Saudi prince was in constant touch with Khashoggi hit-squad boss

Minnie Murray
December 3, 2018

US Secretary of State Mike Pompeo said on Saturday he has seen all the intelligence possessed by the United States on the killing of Saudi journalist Jamal Khashoggi and repeated that no direct evidence links Saudi Crown Prince Mohammed bin Salman to the incident.

The G20 summit in Buenos Aires is the first major global event the Saudi prince has attended since the murder of journalist Jamal Khashoggi in the Saudi consulate in Istanbul in October.

Mohammed bin Salman, Saudi Crown Prince, is waiting for the family photo of all participants at the G20 Summit Conference Centre in Buenos Aires on November 30, 2018.

President Erdogan has said the killing was ordered by the highest level of Saudi leadership but probably not by King Salman, putting the spotlight instead on the Crown Prince.

Algiers also has strong ties with Qatar, with which Saudi Arabia and three other Arab states severed trade and transport ties in June 2017.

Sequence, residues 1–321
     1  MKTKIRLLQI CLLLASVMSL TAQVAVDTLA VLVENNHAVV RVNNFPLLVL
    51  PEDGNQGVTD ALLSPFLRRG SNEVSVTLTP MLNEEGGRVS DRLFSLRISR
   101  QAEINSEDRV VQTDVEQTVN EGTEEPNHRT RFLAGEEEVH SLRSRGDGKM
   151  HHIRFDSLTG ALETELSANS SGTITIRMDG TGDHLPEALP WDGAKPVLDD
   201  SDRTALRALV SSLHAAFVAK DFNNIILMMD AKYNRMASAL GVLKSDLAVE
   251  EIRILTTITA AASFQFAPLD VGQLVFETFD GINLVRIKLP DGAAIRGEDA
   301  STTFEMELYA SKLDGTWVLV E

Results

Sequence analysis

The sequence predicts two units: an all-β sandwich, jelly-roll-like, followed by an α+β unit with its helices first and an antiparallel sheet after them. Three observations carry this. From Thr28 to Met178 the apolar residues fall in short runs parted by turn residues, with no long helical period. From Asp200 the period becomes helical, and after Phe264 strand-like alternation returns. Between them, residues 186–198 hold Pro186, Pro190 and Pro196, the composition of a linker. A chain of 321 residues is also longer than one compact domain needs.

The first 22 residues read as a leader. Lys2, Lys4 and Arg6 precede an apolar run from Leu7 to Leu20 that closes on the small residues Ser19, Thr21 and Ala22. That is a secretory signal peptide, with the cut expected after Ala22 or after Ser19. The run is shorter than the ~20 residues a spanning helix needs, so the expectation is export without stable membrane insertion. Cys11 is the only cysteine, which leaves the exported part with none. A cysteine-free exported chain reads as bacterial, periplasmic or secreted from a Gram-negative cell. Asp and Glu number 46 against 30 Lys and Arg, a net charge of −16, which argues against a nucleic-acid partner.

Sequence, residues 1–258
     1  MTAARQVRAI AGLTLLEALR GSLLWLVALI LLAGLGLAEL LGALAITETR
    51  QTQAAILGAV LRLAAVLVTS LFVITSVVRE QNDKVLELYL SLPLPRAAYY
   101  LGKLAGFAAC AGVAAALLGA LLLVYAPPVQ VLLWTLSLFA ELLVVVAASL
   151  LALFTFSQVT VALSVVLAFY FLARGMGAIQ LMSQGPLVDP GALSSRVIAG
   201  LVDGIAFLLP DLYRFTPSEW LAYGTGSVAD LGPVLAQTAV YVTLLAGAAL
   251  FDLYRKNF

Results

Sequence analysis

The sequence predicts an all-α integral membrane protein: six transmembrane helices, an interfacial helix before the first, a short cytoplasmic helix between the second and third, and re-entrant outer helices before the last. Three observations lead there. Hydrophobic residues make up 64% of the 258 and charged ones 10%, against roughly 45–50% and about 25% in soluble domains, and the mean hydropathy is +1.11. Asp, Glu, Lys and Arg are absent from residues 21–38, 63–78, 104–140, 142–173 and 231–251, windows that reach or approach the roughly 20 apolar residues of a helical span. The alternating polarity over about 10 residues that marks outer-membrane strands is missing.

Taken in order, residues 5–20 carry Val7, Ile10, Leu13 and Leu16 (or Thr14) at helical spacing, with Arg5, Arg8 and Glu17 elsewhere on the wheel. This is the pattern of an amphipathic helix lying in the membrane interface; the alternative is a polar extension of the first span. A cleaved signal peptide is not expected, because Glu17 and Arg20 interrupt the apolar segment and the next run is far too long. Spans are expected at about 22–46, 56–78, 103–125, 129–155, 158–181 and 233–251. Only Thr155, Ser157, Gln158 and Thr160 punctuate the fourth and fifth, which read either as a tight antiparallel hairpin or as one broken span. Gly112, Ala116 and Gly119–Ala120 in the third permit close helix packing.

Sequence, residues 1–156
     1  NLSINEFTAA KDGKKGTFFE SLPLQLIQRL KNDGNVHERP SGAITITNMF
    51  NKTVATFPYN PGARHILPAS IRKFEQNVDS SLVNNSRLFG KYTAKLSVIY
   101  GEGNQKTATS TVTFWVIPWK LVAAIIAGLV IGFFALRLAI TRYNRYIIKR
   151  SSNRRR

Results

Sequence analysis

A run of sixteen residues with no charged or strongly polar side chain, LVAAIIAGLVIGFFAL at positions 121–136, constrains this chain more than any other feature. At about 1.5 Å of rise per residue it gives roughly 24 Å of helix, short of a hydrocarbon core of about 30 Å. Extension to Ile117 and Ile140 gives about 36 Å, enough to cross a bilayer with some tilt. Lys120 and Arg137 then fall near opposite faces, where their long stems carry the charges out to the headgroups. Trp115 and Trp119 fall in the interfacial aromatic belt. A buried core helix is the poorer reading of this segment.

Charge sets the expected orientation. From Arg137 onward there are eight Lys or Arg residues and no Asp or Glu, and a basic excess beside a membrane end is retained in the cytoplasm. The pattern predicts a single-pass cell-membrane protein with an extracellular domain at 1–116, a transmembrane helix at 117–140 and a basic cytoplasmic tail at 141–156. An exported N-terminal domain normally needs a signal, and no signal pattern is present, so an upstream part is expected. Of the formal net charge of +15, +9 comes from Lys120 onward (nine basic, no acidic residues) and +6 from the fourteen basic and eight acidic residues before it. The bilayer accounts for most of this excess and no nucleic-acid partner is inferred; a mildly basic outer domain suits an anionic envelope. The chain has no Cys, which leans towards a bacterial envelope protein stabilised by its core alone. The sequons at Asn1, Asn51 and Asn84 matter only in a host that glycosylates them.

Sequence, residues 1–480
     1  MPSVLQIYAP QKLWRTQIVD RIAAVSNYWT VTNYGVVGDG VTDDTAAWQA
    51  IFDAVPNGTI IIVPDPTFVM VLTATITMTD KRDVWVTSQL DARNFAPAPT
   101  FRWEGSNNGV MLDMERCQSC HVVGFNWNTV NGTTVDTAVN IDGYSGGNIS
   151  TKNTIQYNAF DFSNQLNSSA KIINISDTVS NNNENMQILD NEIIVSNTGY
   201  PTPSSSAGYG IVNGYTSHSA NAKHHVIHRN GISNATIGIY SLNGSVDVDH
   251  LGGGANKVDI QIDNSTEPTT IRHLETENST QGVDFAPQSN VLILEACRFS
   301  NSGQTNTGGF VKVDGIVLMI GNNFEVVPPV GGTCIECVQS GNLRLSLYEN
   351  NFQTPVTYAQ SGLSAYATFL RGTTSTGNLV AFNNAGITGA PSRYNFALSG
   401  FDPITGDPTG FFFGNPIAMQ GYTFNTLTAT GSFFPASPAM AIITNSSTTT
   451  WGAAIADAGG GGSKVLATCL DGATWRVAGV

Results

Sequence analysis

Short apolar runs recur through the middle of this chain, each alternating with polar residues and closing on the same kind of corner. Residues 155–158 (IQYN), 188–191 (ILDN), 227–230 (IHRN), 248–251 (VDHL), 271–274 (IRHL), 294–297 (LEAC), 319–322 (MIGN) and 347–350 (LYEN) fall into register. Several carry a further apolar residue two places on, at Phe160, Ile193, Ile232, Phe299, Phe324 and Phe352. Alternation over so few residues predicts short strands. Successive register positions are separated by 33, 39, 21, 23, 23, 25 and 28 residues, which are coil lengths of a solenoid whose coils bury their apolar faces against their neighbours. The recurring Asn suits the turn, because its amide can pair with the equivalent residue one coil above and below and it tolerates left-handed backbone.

Saudi Arabia has announced the detention of 18 nationals and vowed to probe the killing of Khashoggi, a royal confidant turned critic who was killed and dismembered when he visited the kingdom's Istanbul consulate on October 2 to handle paperwork for his planned wedding.

The Saudi government has denied that the crown prince played any role in Khashoggi's death, but the Central Intelligence Agency has concluded that he in fact ordered the killing.


The newspaper says bin Salman sent at least 11 messages to his closest adviser, Saud al-Qahtani. He said Ankara has shared this evidence with all countries who requested it, including the United States, Britain, Germany and Saudi Arabia.

Turkey insists that Saudi Arabia should extradite those responsible for the murder, Erdogan reiterated.

It has also ruined Prince Mohammed's worldwide public image.

Abderrazak Makri, head of the Islamist Movement of Society for Peace, told reporters the Crown Prince's visit "does not serve Algeria's image nor its reputation".

They showed Khashoggi becoming progressively more fearful of the de facto leader of Saudi Arabia, known as MbS, even suspecting the conversations with Mr Abdulaziz had been hacked.

Nevertheless, the G20 summit suggests Prince Mohammed and the kingdom may have taken their first step towards putting the Khashoggi affair behind them. Saudi Arabian Foreign Minister Adel al-Jubeir had admitted that the murder of the scribe was "a mistake and a rogue operation".

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